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Volvo measures to ensure SUV safety

Sir – Following the use of a thinly disguised picture of the Volvo XC90 in Fleet News (December 2), based on the press release and picture issued (and subsequently withdrawn) by the New Economics Foundation (NEF), I feel I must write to advise you of the steps Volvo has taken to ensure that our SUV counters the particular concerns around the safety and environmental performance of 4x4s.

The safety concerns associated with SUVs have been addressed by some of the following innovations and design features.

We fit an active electronic stability system which minimises the risk of roll-over caused, for example, by a violent evasive manoeuvre.

If the car should nevertheless overturn, the occupants are protected by a number of interacting safety systems – safety belts with pretensioners, inflatable side curtains for all three rows of seats and a reinforced roof structure.

The problem of compatibility in a collision between an SUV and a smaller car has been taken into account; an additional, lower cross member is provided at the front to activate the collision protection systems in the other vehicle.

The safety of other, unprotected road users has been considered by designing the bonnet of the XC90 to act as a deformation zone for the impacted person, to reduce the risk of serious injury. In fact, the XC90’s two-star Euro NCAP score is only beaten by, for example, two of 47 superminis tested – cars that I would imagine an organisation like the NEF would wish consumers to buy.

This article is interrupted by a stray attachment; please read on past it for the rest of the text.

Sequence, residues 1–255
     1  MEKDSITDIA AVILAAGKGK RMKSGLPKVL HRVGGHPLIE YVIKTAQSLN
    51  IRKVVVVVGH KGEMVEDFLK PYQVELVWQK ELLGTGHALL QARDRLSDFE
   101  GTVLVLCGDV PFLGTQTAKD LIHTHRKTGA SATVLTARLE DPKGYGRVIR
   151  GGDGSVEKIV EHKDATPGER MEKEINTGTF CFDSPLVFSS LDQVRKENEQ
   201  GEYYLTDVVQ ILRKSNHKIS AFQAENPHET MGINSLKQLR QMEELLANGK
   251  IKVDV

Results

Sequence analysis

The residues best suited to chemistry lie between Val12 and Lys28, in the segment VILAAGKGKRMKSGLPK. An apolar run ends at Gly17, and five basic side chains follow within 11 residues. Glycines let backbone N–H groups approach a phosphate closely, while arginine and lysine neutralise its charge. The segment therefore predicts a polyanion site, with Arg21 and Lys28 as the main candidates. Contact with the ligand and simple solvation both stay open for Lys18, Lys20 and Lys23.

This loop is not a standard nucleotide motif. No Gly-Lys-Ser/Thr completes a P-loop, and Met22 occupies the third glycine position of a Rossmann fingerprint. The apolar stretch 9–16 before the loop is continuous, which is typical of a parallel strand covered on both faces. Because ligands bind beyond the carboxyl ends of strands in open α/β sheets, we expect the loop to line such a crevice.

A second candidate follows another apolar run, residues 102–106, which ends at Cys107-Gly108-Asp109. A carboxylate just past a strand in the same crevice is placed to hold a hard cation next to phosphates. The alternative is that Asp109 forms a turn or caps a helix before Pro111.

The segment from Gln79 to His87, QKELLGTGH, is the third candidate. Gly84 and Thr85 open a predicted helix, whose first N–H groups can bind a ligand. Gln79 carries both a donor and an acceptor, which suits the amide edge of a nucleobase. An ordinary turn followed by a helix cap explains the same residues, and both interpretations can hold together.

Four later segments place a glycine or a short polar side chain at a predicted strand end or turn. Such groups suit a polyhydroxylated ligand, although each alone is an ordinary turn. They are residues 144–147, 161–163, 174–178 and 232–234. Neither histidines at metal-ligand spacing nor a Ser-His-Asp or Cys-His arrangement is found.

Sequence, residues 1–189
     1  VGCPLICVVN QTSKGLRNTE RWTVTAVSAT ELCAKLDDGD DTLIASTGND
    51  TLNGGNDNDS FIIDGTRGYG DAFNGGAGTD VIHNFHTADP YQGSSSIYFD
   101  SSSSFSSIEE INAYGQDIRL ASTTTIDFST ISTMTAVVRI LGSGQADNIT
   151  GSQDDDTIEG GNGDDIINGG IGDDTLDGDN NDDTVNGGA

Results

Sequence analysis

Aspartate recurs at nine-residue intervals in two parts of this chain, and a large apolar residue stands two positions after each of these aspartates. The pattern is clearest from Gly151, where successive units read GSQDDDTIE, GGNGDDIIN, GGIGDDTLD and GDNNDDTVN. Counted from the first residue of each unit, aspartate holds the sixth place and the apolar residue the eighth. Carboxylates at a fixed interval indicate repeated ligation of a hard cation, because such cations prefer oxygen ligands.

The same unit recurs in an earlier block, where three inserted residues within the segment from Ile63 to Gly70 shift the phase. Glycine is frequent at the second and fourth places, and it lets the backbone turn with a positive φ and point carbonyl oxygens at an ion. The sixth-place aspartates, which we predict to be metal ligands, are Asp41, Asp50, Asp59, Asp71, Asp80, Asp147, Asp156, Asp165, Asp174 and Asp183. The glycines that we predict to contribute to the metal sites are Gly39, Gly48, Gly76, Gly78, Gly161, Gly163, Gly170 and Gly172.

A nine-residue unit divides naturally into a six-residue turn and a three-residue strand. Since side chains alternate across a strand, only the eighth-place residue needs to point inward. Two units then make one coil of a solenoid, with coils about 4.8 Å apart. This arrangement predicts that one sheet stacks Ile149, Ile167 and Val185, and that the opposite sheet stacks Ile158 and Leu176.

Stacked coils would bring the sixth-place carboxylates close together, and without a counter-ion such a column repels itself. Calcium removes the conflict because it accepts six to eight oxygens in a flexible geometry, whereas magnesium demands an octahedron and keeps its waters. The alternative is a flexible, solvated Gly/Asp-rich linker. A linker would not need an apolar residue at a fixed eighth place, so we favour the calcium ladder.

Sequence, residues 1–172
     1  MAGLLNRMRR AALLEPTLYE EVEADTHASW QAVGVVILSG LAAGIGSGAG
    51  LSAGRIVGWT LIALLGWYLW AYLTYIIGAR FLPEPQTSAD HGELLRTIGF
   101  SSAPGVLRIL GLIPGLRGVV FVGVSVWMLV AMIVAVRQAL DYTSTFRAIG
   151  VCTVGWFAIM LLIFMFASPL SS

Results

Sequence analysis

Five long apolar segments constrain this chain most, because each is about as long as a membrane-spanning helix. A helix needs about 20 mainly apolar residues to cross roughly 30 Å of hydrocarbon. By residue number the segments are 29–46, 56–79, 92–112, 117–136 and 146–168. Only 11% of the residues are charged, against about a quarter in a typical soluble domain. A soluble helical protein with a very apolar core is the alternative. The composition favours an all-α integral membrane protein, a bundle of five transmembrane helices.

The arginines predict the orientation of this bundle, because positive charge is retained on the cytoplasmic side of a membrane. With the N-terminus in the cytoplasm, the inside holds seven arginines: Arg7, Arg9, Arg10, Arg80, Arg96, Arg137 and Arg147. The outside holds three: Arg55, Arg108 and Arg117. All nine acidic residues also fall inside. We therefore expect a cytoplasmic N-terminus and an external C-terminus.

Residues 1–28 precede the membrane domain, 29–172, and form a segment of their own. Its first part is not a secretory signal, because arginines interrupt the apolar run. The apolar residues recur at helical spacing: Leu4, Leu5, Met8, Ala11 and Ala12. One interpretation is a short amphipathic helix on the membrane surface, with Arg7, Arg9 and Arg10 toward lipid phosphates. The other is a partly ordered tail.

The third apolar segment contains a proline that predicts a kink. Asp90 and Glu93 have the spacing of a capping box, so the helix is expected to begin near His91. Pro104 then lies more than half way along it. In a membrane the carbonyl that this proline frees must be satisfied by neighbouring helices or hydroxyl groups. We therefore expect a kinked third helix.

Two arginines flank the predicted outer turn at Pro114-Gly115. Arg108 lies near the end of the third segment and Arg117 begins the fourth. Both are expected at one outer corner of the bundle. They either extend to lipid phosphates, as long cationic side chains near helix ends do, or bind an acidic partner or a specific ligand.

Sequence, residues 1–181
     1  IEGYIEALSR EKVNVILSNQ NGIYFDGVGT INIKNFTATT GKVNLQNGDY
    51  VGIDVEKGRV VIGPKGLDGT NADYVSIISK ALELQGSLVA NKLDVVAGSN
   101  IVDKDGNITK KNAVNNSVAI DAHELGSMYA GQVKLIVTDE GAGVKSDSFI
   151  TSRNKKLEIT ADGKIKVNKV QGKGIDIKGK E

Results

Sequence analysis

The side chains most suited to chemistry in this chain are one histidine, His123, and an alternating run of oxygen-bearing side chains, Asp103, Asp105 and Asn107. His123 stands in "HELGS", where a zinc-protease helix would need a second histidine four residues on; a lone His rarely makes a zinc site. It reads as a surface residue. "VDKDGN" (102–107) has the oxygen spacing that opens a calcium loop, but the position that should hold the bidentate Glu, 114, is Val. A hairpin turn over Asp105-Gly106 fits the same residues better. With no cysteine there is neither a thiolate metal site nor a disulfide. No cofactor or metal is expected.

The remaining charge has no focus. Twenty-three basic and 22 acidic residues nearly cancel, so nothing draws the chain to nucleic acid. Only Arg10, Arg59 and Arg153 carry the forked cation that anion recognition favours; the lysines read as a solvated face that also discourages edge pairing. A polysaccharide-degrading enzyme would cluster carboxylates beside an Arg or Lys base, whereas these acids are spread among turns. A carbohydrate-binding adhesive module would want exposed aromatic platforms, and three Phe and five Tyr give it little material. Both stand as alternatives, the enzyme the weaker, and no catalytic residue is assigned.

Turning to environmental impacts, thanks to its seven seats, the XC90 has the carrying capacity of two cars, which surely helps on the school run. Its overall size is similar to our S80 saloon car, so the argument about road space is based more on perception than fact. In the case of the XC90, 80% of our sales have been diesels, with an overall fuel consumption of 31mpg, and so we believe that customers are making informed choices and are paying accordingly.

By law, all vehicles in showrooms and all advertisements and brochures must display fuel consumption and CO2 emissions information, so I am not sure what role proposed additional information on SUVs would serve other than to single out one class of vehicle which may anyway be difficult to define. There is a huge difference between a Suzuki Grand Vitara and a Hummer – yet both are SUVs! I have some sympathy with the US campaigns against the use of vehicles such as the Hummer as a private car, but to import that argument to Europe, without a fuller examination of UK legislation and the performance of individual vehicles, is a step too far.

What is for sure is that these vehicles are immensely popular and, for us, XC90 has been a huge global success with production increased from 50,000 a year to 90,000 in two years. We have diverted production to the UK to meet demand, though we still have a waiting list – perhaps because people do have a conscience and want to be seen to have made a responsible choice.

If we ‘ban’ 4x4s, what’s next – all large cars, all high-performance cars? How much of the argument is based on envy? All very thought-provoking but let’s look at a broader range of facts before rushing to judgement.

We have offered the NEF the opportunity to borrow an XC90 as it is in all our interests that people engaged in this debate are better informed of each other’s views.

John Lefley
Director of Public Relations, Volvo Car UK

Service Inclusive pack benefits vehicle owner

SIR – I have just read the excellent report on the BMW 1-series and the comparison with its rivals. Within the SMR costs section, you mention the Service Inclusive package that is available at an extra cost of £500 and the fact that this will impact on the driver’s P11D value.

I believe this is incorrect as the Inland Revenue has already stated that Service Inclusive packs are not a benefit-in-kind to the driver but are a benefit to the owner.

Mick Donovan
Group fleet manager, Bowmer & Kirkland

  • Editor – You’re absolutely right. Apologies for any confusion caused

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